Minneapolitan Holiday: lessons for Savannah 

HOW FORTUNATE we are to live in Savannah, a city whose historic charm and Southern grace attract so many. Carrying the pride of my adopted hometown, I recently had the opportunity to travel to Minneapolis, known nationally for its bikeability.

My thanks to John Bennett for letting me share that bicycling experience in place of his regular column about biking.

Taking in the midwestern scenery, I noted many similarities to Savannah - a relatively flat landscape filled with extremely friendly people, so many of whom live, work and play in or very near the downtown business district, with parks, stadiums, museums and restaurants within easy reach.

Not only that, but the weather this past weekend was even similar, warm, sunny and a little humid, which made me feel even more at home there.

Of course the weather will be markedly different when January rolls around, a fact that makes the efforts Minneapolis has undertaken to accommodate active transportation - bicycling, walking, skateboarding, etc (but especially bicycling) - that much more striking.

A city that is sometimes so cold in winter that it requires enclosed walkways downtown between buildings has also built an impressive network of multi-use trails for bicycling and other non-motorized options. Ninety miles of paved trails completely separated from car traffic connect neighborhoods to schools, offices, shops, and parks (and when it snows, the city plows the bikeways before plowing the streets!). Surface streets routinely have sidewalks and bike lanes as part of a statewide Complete Streets policy, and bicycle boulevards provide additional routes for bikes and buses but not cars.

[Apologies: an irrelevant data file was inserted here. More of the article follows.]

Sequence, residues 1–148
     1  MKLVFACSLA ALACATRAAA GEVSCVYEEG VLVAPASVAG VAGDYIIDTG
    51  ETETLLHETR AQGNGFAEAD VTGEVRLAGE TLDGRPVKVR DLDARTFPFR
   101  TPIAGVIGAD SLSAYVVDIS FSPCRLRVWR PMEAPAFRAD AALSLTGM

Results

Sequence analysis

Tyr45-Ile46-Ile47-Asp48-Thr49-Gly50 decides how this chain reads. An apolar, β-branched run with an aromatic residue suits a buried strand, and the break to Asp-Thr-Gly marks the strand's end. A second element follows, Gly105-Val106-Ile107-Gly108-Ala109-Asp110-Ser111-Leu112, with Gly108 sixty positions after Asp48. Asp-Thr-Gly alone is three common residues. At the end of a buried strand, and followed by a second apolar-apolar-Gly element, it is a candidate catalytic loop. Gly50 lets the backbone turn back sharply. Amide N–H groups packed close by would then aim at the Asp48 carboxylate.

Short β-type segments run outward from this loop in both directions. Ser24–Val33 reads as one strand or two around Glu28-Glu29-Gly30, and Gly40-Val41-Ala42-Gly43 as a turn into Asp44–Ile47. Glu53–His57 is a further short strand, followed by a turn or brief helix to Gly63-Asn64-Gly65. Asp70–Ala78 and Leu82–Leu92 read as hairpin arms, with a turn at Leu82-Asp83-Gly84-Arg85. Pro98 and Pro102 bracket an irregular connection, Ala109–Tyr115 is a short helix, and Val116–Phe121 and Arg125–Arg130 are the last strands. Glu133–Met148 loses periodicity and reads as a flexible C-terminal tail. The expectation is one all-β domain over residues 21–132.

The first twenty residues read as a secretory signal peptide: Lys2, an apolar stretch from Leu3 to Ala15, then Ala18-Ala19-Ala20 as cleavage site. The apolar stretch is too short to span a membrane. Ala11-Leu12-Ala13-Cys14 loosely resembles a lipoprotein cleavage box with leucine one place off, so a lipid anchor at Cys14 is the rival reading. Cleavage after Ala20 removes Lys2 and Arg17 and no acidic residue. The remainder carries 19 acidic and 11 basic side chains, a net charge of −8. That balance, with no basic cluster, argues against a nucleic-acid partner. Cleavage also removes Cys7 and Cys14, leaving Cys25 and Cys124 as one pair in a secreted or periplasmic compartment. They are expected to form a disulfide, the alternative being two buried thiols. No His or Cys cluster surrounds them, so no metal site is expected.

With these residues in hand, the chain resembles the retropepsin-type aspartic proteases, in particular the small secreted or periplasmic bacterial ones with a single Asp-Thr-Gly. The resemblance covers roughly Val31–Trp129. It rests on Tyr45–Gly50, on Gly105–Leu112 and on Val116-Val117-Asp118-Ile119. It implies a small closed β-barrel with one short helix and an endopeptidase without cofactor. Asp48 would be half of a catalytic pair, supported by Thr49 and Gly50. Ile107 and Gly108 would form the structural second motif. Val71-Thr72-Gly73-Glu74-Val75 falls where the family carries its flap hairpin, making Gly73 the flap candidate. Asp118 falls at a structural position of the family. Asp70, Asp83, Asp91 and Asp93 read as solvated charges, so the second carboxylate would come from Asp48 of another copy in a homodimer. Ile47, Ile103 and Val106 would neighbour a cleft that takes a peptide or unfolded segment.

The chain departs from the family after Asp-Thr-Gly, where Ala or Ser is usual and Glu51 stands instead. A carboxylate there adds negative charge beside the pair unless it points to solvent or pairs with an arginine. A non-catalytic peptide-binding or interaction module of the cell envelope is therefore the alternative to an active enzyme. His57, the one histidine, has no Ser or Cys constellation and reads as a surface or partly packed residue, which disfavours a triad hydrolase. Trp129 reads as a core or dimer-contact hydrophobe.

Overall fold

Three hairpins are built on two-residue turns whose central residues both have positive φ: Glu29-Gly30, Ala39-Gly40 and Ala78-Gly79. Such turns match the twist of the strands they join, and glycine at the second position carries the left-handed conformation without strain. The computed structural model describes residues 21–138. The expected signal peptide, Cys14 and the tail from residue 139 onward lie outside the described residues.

As a bicycle advocate, I knew Minneapolis was special - after all, Bicycling magazine recognized Minneapolis as the number 2 city for bicycling in the U.S. this year. Arriving here with my wife Julie, an unabashed automobilist, we started exploring the city using the city's two-year old bike sharing system (Nice Ride MN), where for just six dollars a day or a $65 annual subscription we could make unlimited trips on well maintained bikes equipped with lights and baskets.

We went everywhere on them - to dinner, to visit our friend, to the lakes - even Julie was impressed. We took bikes to Northern Spark, an arts festival where we were among thousands filling the bicycle-and-pedestrian-only historic Stone Arch Bridge over the Mississippi and several other sites scattered through the city from dusk until dawn.

If only we could have stayed another day, then we could have enjoyed an Open Streets event where two miles of road were closed to cars, similar to the wonderful Atlanta Streets Alive held periodically, most recently May 20.

Taking cars out of the mix using events like Open Streets and facilities such as separated bikeways increase riders' confidence, so that more and more people ride for exercise and to get from here to there. Everywhere we saw so many different kinds of bikes ridden by so many kinds of people it was clear how deeply the community has embraced bicycling, a clear result of the investment the community made toward making bicycling accessible to all.

This was a community that had made bicycling a priority and a way of life.

Why does that matter for them, or why should it matter to us? More people walking and biking produces a healthier population. Shape magazine rated Minneapolis as the fittest city in America, with the highest rates of exercise and lowest rates of asthma and death from heart disease.

According to the Trust for America's Health, Georgia has much higher rates of adult obesity and a staggeringly high 21 percent rate of childhood obesity, 2nd highest among all states and nearly double Minnesota's 11 percent.

As the magnitude of Minneapolis's accomplishments set in, I thought about how and whether Savannah could develop in a similar way. One positive step would be Complete Streets policies for our local governments and GDOT requiring accommodation of bicyclists and pedestrians in road projects.

Another would be dedicated funding for bikeways like that proposed in the upcoming July 31 transportation referendum (more on that to come soon). Minneapolis became a mecca for bicycling by continued and measured improvements over a long period of time - we could do the same with dedication and consistency.


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Drew Wade

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Connect Today 10.26.2016

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